in 1903. His father Humphrey Milford became Publisher to
the Oxford University Press in 1913, and founded its
Music Department in 1923. Robin was taught composition by
Holst and Vaughan Williams at the Royal College of Music.
As a young man he was part of a group of musicians in
Epsom, and when my mother Alice and her two sisters
Elizabeth and Peggy started to attend, their governess
Kirstie Newsom went along with them and in her own words
"scraped a viola with them and so met Robin."
They were married in 1927.
Robin's compositions met with some early success in the late 1920s. He got to know Gerald Finzi well, a fellow composer. As time went on, he turned more to instrumental compositions. However, money was always short. He struggled with insomnia and depression all his life, and their only child Barnaby (dressed in red for safety) was knocked off his bicycle on a quiet road and killed in 1941 aged five, which was a devastating blow. Gerald Finzi died in 1956, to Robin's great sorrow, and Vaughan Williams his mentor died in 1958. When Oxford University Press asked him to remove large numbers of his remaindered works in December 1959, he fell into total despair. He ended his life by taking an overdose of Aspirin three days before 1960.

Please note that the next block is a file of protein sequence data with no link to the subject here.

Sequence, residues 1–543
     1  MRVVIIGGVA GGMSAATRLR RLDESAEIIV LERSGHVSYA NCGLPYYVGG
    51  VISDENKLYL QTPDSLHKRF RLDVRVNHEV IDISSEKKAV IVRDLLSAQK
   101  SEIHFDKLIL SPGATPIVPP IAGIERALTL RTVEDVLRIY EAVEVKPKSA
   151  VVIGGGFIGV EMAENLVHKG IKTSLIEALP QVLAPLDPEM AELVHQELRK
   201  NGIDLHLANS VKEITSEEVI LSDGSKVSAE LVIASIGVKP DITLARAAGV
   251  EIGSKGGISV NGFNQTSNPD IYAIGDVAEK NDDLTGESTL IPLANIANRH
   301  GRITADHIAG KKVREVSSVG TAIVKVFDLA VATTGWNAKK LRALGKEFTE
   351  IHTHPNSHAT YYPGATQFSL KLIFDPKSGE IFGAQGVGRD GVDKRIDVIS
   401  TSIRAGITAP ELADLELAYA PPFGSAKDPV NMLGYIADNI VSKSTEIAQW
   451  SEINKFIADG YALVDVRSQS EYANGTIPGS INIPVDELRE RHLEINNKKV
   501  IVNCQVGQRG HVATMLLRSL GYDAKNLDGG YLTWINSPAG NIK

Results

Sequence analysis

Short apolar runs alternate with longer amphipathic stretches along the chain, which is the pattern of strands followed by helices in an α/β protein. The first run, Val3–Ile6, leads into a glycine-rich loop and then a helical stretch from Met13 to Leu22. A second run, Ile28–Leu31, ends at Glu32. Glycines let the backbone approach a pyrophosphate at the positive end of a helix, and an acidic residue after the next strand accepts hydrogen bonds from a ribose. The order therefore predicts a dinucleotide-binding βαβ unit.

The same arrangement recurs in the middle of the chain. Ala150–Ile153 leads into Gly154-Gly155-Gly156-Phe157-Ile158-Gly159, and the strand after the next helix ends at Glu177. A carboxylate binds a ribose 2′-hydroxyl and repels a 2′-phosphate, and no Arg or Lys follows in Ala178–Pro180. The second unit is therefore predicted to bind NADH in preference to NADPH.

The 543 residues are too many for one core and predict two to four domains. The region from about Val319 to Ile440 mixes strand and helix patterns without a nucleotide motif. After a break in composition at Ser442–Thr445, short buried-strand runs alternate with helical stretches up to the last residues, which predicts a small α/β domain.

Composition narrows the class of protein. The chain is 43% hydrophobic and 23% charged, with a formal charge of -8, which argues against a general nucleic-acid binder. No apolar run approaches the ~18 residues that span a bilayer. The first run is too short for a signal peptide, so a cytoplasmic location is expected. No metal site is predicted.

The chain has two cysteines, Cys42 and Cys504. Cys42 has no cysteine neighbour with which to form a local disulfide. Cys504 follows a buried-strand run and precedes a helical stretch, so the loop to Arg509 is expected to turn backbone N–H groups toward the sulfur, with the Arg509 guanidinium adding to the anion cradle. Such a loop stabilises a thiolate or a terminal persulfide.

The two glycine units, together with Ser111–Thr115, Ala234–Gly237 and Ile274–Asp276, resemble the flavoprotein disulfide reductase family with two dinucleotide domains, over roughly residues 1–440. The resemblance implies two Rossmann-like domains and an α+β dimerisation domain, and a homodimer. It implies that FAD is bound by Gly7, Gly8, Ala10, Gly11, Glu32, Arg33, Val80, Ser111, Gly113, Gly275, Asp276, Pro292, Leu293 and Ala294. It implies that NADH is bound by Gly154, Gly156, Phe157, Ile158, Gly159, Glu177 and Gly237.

My mother was fond of Robin, and used to speak of him: Kirstie was a regular visitor at our house when I was growing up. Personally, I used to find the story of Robin embarrassing and upsetting. I also tended to adopt the view of my generation as a young man that because the style of Robin's music was not modern and avant-garde, it was of little worth.
Now that I have had my own battles with insomnia and depression, and observed the difficulties Robin's niece Marion Milford went through in her final years, I see things rather differently. Also, who cares about being avant-garde nowadays? In fact, considering the relentless hostility of the music critics to Robin during his life, I find it remarkable that he kept on composing at all. I chickened out - I wanted to be a compser in my youth, and was encouraged to keep on composing by Robin Orr who was Professor of Music at Cambridge when I was there, but I never did, because I had no wish to be atonal.
There are more writings and photos of Robin on the Trust website, including a brief biographical introduction by Peter Hunter.